Hey everyone! The final term holidays of the year are upon us. Take the time to enjoy these two weeks and relax, but not too much! This is prime time for your own revision. Do a practice exam, or at least try some practice pieces for feedback. Find a balance between study and relaxation, because soon you will find yourself deep in study mode.
This week’s topic is the extended response. This topic is the first of three in a series about each text type that you will need to write for the History exam, where I will explain my experience with each writing style and provide you with some of my tips and tricks.
When I studied VCE History, we learned about extended responses in Unit 3, Area of Study 2 – all the way back in Semester 1. That’s why I’ve chosen to focus on them this week, because for many of you it will have been a long time since you’ve even seen an extended response. Let me refresh your memory!
The Extended Response
The extended response is a relatively short text type that relies exclusively on your own content knowledge. It comprises one page of exam writing in response to a given prompt on the consequences of a revolution, and should take roughly 15 minutes to write. On the exam, you will have to complete two of these.
Extended response questions generally begin with the command term ‘explain’, and will touch on one or more elements listed in the key knowledge and skills section of the Study Design. This usually means that each question will focus on one specific point of content – such as an individual, an event, or a concept – and will require you to draw on multiple pieces of related evidence to answer it.
An example question, taken from the VCAA sample examination, is as follows:
Explain how the New Economic Policy (NEP) changed Russian society. Use evidence to support your response.
Here, the question is clearly centred on the New Economic Policy and its effect on Russian society. A response to this question would explain the consequences of such event, potentially using the ‘scissors crisis’ or statistics of economic recovery as supporting evidence.
In my experience, extended responses benefit from a minimalistic and controlled structure. They are definitely not essays nor source analysis responses, requiring much less framing than these two. The following is an explanation of how I personally structured my responses.
Extended responses need only consist of a one-sentence introduction, three body paragraphs, and a one-sentence conclusion. The one-sentence introduction should signpost the three key ideas of the response in quick succession, not any more elaborate than a list. Extra sentences for the introduction can be used if necessary, but I never found any benefit in a longer introduction.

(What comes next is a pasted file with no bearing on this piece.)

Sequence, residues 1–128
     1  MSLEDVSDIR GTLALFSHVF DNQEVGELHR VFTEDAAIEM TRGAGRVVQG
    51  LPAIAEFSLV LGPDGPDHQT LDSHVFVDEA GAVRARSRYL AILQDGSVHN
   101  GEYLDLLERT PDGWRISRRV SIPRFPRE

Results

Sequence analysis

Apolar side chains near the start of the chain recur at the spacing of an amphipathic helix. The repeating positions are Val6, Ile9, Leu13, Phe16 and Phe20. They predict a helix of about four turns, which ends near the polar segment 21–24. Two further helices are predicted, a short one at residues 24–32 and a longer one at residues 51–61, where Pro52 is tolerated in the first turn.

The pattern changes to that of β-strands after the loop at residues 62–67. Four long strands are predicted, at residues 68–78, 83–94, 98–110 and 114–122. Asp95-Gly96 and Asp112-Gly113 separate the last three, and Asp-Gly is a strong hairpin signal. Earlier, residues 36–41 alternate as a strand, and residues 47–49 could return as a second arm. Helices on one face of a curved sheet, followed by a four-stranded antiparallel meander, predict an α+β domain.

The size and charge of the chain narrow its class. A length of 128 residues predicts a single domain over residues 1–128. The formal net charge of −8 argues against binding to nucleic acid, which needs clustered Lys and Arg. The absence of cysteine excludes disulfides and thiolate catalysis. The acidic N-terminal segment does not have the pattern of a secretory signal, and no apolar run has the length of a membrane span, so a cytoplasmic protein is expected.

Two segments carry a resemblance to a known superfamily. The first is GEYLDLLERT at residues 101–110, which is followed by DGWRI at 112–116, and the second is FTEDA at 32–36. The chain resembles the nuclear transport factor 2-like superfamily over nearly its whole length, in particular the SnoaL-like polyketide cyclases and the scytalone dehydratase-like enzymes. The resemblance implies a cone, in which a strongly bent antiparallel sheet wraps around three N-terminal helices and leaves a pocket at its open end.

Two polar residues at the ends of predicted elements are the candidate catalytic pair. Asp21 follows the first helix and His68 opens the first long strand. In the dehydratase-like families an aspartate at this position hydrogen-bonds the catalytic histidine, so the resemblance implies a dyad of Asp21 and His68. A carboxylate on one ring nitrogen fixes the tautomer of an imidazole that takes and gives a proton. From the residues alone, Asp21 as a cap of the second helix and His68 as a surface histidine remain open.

90% of the time spent on extended responses should go to the paragraphs. Three to four paragraphs are recommended, but I literally never wrote four paragraphs for a response. My advice would be to stick to three unless some of your points are really weak. When it comes to topic sentences, these should be short and sweet. In order, I began all of my paragraphs with ‘firstly’, ‘secondly’, and ‘lastly’. This structure helped me get straight to the point of the response without unnecessary framing.
The conclusion resembles the introduction very closely. A one-sentence list of your key ideas, developed slightly from those in the conclusion after the discussion in the response. However, I very rarely actually wrote a conclusion while doing an exam. I mean, what does it really add? That precious time could be better spent elsewhere. If you’re doing well for time, I would recommend you write a conclusion. If you’re not, it should be one of the first things to cut.
The extended response is all about your own knowledge and your own evidence. Last year’s examination report explicitly noted that the highest-scoring responses gave precise evidence in the form of statistics, dates, policies, and names of legislation. These are the bread and butter of the extended response, which is why it is so crucial that you know the points on the Study Design inside and out. Include as much (relevant) evidence as you feasibly can, because this is the place to show off all that content knowledge.
Additionally, the report notes that the highest-scoring responses included primary sources and historical interpretations. This means that quotes are important for every single text type in History to achieve the highest tier of marks.
The biggest thing to avoid for this text type (and really, all History text types) is providing narrative. Your response should be a detailed and specific explanation of factors/consequences/causes and not a story. Do not write out the story of the event/individual/concept unless you truly have nothing else to give. It’s better to get some marks than no marks, but it’s better to get a lot of marks than some.
Extended responses should be written in at most 15 minutes, but the truth is that they are the least essential text type. What I mean by this is that if there is any place to skimp out on time, it is here. Cut the conclusion, rush through smaller paragraphs, whatever it may be – it will be less noticeable here than anywhere else.
Half of a source analysis will be glaringly obvious and looked upon poorly. An unfinished essay is even worse, and will lock you out of a certain mark for it. But the extended response is so minimalistic that you can get away with a little bit less.
That’s not to say you should aim to write less. By all means, be prepared to write a killer response with all the evidence you know. But if time is ticking, I recommend you cut your losses.
Have a question?
In the final weeks before exams Diego will be hosting 2 Live Q&A sessions to help everyone get fully prepared for exams. If you have a question on how to best get prepared, have been stuck on an exam question or want to clarify an area of content send it through here, and Diego might answer it live!